Shortly thereafter, civil society leader and Brazilian free expression advocate Joana Varon, an invited speaker at the opening session, condemned the act, saying, “[L]et's let people who cannot be on the stage also symbolically express their key questions regarding the future of Internet in front of high level panels like this.” Grass-roots group Marco Civil Ja, a leading supporter of Brazil’s “Bill of Rights for the Internet,” quickly issued a statement reprimanding IGF leadership for its actions: “This kind of repression is incompatible inside an event that is precisely discussing how to protect freedom of speech [on] the Internet and how to guarantee privacy of those who use the world wide web.”
The activists’ credentials were reinstated several hours after the incident.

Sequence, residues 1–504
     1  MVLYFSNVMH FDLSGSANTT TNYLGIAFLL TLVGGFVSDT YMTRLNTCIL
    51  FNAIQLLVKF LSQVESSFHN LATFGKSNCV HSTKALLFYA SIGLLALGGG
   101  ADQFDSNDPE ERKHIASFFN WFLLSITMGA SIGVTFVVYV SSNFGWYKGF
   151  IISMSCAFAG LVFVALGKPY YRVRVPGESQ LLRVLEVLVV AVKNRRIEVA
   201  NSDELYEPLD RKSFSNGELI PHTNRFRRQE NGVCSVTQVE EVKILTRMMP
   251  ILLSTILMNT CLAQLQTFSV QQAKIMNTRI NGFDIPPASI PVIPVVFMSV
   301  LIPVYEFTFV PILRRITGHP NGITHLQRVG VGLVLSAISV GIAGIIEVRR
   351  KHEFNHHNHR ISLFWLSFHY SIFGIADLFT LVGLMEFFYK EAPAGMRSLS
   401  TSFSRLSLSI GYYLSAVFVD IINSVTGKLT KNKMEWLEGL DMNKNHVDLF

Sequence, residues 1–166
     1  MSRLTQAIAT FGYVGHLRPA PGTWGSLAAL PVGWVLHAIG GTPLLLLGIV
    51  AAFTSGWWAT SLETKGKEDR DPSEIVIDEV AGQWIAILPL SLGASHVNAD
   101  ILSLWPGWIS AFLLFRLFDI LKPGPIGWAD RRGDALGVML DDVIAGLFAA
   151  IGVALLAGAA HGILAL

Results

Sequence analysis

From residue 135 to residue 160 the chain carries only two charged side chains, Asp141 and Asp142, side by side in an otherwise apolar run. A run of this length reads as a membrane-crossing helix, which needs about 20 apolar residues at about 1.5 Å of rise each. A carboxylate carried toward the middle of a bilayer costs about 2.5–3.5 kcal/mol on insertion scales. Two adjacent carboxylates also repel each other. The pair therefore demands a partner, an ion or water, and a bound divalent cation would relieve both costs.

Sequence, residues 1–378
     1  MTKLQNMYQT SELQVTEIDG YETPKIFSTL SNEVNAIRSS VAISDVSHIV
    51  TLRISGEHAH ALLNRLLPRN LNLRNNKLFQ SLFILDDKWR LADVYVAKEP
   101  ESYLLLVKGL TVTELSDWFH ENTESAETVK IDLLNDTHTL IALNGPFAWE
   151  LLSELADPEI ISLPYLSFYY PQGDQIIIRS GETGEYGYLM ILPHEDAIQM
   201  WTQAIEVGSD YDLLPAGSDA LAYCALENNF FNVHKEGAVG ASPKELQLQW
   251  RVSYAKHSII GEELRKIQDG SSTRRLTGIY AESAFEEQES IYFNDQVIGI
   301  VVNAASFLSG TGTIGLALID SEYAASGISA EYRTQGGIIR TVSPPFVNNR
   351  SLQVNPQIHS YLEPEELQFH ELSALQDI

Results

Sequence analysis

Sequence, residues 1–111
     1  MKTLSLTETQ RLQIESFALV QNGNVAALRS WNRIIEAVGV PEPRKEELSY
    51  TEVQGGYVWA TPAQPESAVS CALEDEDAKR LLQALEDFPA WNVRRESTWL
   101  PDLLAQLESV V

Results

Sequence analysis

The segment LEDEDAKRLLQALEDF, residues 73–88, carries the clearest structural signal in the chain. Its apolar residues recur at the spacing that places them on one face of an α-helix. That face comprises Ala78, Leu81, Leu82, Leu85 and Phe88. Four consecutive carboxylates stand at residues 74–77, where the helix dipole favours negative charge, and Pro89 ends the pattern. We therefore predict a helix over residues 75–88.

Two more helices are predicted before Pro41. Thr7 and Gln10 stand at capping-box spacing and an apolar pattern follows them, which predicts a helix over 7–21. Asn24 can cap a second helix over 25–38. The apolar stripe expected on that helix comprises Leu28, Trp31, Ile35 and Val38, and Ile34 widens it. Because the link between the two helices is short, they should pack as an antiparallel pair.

Facebook user in Hungary faces fine, irony
A local government in the city of Tata in Hungary fined a woman for a Facebook post critical of government spending.
Four Tanzanians prosecuted for WhatsApp messages during elections
Four political activists have been charged under Tanzania’s Cybercrime Act for published an audio message on a WhatsApp group that was “intended to mislead the public” during Tanzania’s October 2015 general elections. The message stated that the country’s ruling party had engaged in vote fraud, an allegation that both local and foreign media outlets echoed.
The Gambia garners low marks on Internet openness
In Freedom House’s recent review of free expression online in 12 countries in sub-Saharan Africa, the Gambia ranked right at the bottom, with only Ethiopia ranking worse on Internet freedom. In the past year, the Gambia has jailed online journalists, blocked opposition and news websites, and blocked Internet access entirely, for as long as a full week in April of this year.
U.K.’s new surveillance law is “worse than scary”